It’s not uncommon to dip, pour, and smear condiments and sauces on sandwiches, bread, and other food items without factoring them into your carbohydrate and calorie count for the day.

Sauces and condiments tend to contain a large amount of sodium, carbohydrates, fat, and calories—even in small portions. This is often due to the fact that flour and sugar are added for texture or flavor.

Estimated nutrition facts for these popular condiments and sauces:

  • Gravy: About 6 g of carbohydrates in 1/2 cup serving
  • Barbecue sauce: About 9 g of carbohydrate in 2 tablespoons
  • Ketchup: About 4 g of carbohydrate in 1 tablespoon
  • Salsa: About 3 g of carbohydrate in 1 tablespoon
  • Tomato sauce: About 7 g carbohydrate in 1/2 cup 

This can add up quickly. The best way to keep track of your intake is to always read labels when choosing these products. When possible, avoid packaged or canned sauces or gravies, since these foods tend to be high in sodium, which can increase blood pressure.6

Sugar-Free or No-Added-Sugar Foods

Many people assume that sugar-free and no-sugar-added food items will not affect their blood sugar. This isn’t always the case.

Sugar-free and no-sugar-added foods can still contain carbohydrates, especially if they contain milk or flour. Make sure to always read the labels and consume these foods in moderation.

For a sense of carbs in some common sugar-free foods:

  • Sugar-free pudding snack: About 13 g carbohydrate 
  • Sugar-free maple syrup: About 12 g carbohydrate in 1/4 cup
  • Sugar-free jelly: About 5 g carbohydrate in 1 tablespoon
  • Sugar-free candy bar (chocolate): About 18 g carbohydrate depending on bar
  • No-sugar-added ice cream: About 13 g carbohydrate in 1/2 cup

Battered and Fried Foods

Fried food items such as chicken nuggets, eggplant Parmesan, and chicken wings are breaded or dipped in flour before cooking. Flour and breading are starches and contain added carbohydrates.7

For example, a 3-ounce breaded chicken cutlet has about 10 grams of carbohydrate.

You can indulge from time to time, but note the carbohydrate content of those foods and aim to keep your portions manageable.

Also keep in mind that these types of foods are rich in calories and saturated fat, which can cause weight gain and elevated cholesterol.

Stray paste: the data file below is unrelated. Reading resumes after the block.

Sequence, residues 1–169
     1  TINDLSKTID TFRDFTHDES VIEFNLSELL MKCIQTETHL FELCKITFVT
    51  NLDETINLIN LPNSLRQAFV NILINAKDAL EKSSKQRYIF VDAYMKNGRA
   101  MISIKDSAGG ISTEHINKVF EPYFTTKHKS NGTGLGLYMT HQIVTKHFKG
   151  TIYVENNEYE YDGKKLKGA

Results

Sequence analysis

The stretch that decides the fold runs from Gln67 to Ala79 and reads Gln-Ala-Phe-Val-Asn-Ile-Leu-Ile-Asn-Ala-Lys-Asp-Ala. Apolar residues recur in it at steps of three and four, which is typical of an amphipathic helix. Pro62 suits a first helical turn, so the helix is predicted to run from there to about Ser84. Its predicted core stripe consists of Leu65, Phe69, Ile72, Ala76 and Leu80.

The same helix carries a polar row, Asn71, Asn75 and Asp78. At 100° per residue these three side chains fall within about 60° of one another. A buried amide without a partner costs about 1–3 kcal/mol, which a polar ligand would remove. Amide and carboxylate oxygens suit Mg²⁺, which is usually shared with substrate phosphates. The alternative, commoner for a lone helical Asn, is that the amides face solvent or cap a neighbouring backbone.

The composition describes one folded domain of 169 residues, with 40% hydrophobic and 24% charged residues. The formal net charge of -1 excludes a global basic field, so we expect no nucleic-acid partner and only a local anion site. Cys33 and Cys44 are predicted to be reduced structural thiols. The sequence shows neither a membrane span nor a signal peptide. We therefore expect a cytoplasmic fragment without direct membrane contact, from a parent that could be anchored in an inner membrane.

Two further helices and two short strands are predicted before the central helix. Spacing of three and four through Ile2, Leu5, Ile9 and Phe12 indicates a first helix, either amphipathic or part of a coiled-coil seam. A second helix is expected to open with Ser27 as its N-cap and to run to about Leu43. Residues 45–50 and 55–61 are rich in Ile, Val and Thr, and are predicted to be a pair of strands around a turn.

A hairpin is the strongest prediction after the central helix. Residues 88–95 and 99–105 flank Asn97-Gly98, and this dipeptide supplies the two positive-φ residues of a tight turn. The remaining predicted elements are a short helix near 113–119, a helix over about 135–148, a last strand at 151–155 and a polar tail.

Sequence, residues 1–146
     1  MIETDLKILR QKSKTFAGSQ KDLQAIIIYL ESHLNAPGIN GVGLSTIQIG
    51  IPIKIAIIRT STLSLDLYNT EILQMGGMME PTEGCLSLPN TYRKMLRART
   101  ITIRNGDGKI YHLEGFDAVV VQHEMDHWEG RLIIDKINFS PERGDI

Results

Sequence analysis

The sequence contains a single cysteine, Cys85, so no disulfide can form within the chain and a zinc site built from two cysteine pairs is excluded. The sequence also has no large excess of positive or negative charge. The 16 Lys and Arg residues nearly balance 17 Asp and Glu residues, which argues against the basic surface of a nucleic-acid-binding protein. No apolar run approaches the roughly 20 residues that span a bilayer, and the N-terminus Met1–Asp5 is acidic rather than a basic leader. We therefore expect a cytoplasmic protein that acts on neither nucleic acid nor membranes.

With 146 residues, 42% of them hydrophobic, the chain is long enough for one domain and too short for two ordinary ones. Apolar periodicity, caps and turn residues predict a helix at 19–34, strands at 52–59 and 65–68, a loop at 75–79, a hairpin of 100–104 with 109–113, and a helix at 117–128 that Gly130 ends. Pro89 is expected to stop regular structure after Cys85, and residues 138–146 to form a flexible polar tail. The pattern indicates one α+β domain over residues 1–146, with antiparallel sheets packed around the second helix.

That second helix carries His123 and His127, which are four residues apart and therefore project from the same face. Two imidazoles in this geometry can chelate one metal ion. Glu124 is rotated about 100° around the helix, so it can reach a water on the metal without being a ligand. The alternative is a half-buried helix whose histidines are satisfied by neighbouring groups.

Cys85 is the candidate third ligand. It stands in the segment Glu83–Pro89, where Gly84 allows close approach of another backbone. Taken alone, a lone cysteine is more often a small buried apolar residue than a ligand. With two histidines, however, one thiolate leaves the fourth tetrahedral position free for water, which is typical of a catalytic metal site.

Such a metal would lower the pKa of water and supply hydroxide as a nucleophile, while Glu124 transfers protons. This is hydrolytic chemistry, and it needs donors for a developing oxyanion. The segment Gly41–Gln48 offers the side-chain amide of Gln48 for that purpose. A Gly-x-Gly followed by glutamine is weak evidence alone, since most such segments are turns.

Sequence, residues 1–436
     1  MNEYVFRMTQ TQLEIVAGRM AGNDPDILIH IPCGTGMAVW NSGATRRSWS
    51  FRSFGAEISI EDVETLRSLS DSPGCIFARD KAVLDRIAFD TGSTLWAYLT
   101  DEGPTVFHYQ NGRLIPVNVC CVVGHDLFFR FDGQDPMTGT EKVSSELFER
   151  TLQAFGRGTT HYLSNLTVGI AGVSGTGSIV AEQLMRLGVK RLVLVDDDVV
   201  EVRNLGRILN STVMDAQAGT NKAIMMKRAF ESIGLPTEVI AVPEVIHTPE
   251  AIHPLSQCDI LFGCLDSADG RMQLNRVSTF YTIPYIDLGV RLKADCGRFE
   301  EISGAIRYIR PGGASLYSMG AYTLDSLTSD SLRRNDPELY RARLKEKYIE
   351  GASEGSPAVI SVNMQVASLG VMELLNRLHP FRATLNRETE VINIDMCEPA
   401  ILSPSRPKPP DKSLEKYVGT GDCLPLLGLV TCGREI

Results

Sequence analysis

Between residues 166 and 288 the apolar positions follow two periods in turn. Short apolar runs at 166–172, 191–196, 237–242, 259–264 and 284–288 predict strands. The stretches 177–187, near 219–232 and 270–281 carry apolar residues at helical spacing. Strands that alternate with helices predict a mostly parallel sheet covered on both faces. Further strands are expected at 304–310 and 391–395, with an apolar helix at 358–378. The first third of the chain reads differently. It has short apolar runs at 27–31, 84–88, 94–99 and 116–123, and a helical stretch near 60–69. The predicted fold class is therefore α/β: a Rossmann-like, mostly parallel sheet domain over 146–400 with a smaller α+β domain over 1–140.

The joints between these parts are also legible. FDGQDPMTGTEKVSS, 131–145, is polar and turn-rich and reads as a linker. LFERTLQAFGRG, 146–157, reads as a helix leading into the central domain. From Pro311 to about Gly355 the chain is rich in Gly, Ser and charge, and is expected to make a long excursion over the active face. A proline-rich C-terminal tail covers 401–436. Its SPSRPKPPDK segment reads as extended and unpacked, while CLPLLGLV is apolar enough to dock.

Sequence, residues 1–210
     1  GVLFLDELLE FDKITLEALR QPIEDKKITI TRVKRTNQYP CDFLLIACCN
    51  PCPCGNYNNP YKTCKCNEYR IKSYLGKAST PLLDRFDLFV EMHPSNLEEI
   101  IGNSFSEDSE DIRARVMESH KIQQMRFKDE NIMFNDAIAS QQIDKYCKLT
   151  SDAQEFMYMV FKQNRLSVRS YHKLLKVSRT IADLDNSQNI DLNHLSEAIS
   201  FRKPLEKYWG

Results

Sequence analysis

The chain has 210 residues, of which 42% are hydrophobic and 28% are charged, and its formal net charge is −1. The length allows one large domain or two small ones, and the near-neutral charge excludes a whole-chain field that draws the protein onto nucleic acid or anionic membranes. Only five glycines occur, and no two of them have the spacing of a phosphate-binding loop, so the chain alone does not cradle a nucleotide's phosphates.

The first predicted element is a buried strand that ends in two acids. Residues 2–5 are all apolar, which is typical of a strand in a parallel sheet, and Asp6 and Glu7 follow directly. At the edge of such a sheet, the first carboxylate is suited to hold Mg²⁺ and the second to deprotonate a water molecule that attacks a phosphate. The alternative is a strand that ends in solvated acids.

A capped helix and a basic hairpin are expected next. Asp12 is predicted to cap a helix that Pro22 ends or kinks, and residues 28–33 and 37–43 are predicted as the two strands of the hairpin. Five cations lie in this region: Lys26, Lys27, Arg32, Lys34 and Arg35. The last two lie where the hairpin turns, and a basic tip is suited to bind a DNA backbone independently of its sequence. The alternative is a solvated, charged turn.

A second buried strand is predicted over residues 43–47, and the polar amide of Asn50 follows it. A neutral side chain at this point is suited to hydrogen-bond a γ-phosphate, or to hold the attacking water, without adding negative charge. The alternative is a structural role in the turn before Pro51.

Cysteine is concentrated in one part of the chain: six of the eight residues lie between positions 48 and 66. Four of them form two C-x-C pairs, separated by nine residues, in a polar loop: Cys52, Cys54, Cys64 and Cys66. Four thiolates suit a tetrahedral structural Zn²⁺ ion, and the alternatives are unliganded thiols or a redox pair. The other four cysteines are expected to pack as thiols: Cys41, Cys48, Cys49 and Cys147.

Sweetened Beverages

This one may seem like a no-brainer, but sweetened beverages, including juices, sodas, and flavored coffees, can increase blood sugars quickly.

For people with diabetes, sweetened beverages can serve a purpose when blood sugar is low. But on a daily basis, these types of beverages should be avoided.8

One of the simplest ways to lose weight, improve blood sugar control, and reduce triglycerides (a type of fat in the blood) is to avoid these types of beverages.

It’s also a good idea to read labels of other caloric beverages, such as flavored milk alternatives and coffee drinks. Some beverages may contain hidden carbohydrates from added sweeteners. Here a few to watch out for:

  • Low-fat latte: About 15 g carbohydrate in 12 oz
  • Vanilla soy milk: About 10 g carbohydrate in 1 cup 9
  • Coconut water: About 9 g carbohydrate in 8 oz

White Bread, Rice, and Pasta

Refined carbohydrates, such as white bread, white pasta, and white rice, are starches that have undergone processing to remove the bran and germ of the grain. This strips them of fiber, vitamins, minerals, and antioxidants.

These foods can cause big blood sugar spikes yet yield little to no nutritional value.10

Instead of choosing refined grains, it is better to choose whole grains. In fact, research has shown that choosing whole grains instead of refined grains can reduce the risk of heart disease, decrease blood pressure, and aid in weight loss.11

The fiber found in whole grains slows down the speed at which blood sugars rise. Whole grains also contain more vitamins, minerals, and antioxidants.